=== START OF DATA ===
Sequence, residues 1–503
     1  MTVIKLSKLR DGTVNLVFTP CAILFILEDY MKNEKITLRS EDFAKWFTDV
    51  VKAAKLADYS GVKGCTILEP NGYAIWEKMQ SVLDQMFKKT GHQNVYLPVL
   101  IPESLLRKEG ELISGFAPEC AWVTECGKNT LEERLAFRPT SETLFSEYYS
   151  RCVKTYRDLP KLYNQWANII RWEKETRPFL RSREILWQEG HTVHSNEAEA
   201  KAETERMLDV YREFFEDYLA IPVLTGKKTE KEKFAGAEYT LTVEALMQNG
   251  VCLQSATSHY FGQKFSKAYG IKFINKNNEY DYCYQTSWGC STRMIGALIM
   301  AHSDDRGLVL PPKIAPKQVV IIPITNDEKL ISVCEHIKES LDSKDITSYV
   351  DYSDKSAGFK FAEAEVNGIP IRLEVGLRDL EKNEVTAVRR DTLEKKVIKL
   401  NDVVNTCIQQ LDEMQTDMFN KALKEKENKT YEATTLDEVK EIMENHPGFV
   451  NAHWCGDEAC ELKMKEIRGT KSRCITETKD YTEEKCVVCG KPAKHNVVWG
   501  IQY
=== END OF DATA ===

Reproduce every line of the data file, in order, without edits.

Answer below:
Sequence, residues 1–503
     1  MTVIKLSKLR DGTVNLVFTP CAILFILEDY MKNEKITLRS EDFAKWFTDV
    51  VKAAKLADYS GVKGCTILEP NGYAIWEKMQ SVLDQMFKKT GHQNVYLPVL
   101  IPESLLRKEG ELISGFAPEC AWVTECGKNT LEERLAFRPT SETLFSEYYS
   151  RCVKTYRDLP KLYNQWANII RWEKETRPFL RSREILWQEG HTVHSNEAEA
   201  KAETERMLDV YREFFEDYLA IPVLTGKKTE KEKFAGAEYT LTVEALMQNG
   251  VCLQSATSHY FGQKFSKAYG IKFINKNNEY DYCYQTSWGC STRMIGALIM
   301  AHSDDRGLVL PPKIAPKQVV IIPITNDEKL ISVCEHIKES LDSKDITSYV
   351  DYSDKSAGFK FAEAEVNGIP IRLEVGLRDL EKNEVTAVRR DTLEKKVIKL
   401  NDVVNTCIQQ LDEMQTDMFN KALKEKENKT YEATTLDEVK EIMENHPGFV
   451  NAHWCGDEAC ELKMKEIRGT KSRCITETKD YTEEKCVVCG KPAKHNVVWG
   501  IQY